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      Impact of Environment and Social Gradient on Leptospira Infection in Urban Slums

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          Abstract

          Background

          Leptospirosis has become an urban health problem as slum settlements have expanded worldwide. Efforts to identify interventions for urban leptospirosis have been hampered by the lack of population-based information on Leptospira transmission determinants. The aim of the study was to estimate the prevalence of Leptospira infection and identify risk factors for infection in the urban slum setting.

          Methods and Findings

          We performed a community-based survey of 3,171 slum residents from Salvador, Brazil. Leptospira agglutinating antibodies were measured as a marker for prior infection. Poisson regression models evaluated the association between the presence of Leptospira antibodies and environmental attributes obtained from Geographical Information System surveys and indicators of socioeconomic status and exposures for individuals. Overall prevalence of Leptospira antibodies was 15.4% (95% confidence interval [CI], 14.0–16.8). Households of subjects with Leptospira antibodies clustered in squatter areas at the bottom of valleys. The risk of acquiring Leptospira antibodies was associated with household environmental factors such as residence in flood-risk regions with open sewers (prevalence ratio [PR] 1.42, 95% CI 1.14–1.75) and proximity to accumulated refuse (1.43, 1.04–1.88), sighting rats (1.32, 1.10–1.58), and the presence of chickens (1.26, 1.05–1.51). Furthermore, low income and black race (1.25, 1.03–1.50) were independent risk factors. An increase of US$1 per day in per capita household income was associated with an 11% (95% CI 5%–18%) decrease in infection risk.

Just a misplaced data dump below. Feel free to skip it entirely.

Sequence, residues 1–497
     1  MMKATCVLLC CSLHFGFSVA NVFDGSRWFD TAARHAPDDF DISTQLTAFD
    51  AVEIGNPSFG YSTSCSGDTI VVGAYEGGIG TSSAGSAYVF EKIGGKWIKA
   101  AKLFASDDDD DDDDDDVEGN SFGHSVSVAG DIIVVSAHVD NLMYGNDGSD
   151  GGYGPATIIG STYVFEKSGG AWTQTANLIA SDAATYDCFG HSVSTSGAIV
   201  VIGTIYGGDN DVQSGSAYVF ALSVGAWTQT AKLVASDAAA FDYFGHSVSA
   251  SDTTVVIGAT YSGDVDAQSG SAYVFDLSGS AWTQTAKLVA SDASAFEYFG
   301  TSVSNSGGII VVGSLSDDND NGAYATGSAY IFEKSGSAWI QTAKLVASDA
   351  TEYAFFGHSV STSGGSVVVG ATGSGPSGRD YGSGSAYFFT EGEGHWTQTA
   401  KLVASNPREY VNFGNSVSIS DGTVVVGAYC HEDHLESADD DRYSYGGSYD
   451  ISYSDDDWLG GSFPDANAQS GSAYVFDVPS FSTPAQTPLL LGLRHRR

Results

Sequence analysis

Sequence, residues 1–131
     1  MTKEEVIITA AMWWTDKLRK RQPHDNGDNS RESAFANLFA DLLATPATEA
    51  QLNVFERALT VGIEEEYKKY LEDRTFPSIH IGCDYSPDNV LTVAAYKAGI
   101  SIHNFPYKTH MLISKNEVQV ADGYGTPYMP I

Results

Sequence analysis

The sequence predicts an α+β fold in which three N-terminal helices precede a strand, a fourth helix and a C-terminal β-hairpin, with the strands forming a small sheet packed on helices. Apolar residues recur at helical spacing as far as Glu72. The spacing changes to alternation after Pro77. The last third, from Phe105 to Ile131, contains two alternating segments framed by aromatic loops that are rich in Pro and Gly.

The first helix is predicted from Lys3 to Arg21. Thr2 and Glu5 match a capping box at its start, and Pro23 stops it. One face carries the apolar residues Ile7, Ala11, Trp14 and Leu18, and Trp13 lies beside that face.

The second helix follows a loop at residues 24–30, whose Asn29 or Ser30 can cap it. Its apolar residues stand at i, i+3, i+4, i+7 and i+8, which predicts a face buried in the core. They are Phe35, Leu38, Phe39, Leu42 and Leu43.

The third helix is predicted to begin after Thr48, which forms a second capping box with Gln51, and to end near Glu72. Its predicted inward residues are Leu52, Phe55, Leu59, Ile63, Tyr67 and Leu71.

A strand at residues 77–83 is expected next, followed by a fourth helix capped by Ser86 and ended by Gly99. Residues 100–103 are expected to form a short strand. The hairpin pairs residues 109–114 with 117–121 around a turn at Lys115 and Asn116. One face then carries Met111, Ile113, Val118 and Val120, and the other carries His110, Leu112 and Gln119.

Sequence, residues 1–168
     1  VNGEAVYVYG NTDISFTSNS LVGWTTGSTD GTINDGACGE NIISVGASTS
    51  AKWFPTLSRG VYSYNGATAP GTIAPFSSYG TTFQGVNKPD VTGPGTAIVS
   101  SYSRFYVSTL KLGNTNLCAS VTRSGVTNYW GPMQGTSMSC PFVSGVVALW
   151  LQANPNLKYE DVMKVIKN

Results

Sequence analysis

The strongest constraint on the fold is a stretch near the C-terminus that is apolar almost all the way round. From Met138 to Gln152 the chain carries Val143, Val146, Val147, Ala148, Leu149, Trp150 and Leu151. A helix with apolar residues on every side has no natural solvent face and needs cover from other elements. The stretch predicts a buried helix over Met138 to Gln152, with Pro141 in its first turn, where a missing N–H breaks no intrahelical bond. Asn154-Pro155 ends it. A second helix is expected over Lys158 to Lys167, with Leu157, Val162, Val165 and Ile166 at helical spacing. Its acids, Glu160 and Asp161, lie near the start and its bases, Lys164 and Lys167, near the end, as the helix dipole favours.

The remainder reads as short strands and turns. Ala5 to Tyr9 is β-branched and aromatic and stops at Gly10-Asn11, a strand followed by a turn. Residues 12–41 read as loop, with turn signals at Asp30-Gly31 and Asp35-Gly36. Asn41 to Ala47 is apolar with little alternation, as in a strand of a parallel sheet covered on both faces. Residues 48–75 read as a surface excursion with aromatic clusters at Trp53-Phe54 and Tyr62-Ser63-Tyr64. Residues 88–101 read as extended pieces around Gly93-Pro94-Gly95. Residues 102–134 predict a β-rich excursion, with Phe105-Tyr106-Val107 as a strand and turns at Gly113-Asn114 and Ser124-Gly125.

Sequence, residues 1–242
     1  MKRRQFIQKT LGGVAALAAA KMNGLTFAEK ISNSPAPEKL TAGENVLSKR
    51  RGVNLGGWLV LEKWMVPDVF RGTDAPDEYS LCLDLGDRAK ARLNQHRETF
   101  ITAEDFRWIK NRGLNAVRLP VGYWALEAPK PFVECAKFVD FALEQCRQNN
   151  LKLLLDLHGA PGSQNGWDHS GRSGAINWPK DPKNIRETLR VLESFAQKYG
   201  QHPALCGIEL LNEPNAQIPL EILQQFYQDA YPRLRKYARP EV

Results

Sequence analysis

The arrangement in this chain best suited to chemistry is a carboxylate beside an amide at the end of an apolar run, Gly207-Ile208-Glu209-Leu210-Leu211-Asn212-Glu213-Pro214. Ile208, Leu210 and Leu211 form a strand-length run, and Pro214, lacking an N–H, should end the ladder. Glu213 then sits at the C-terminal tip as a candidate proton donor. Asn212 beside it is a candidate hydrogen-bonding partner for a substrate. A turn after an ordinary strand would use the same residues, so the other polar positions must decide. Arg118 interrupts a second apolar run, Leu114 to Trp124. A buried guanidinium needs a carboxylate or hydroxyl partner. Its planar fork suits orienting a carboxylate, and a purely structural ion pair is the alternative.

Conclusions

          Deficiencies in the sanitation infrastructure where slum inhabitants reside were found to be environmental sources of Leptospira transmission. Even after controlling for environmental factors, differences in socioeconomic status contributed to the risk of Leptospira infection, indicating that effective prevention of leptospirosis may need to address the social factors that produce unequal health outcomes among slum residents, in addition to improving sanitation.

          Author Summary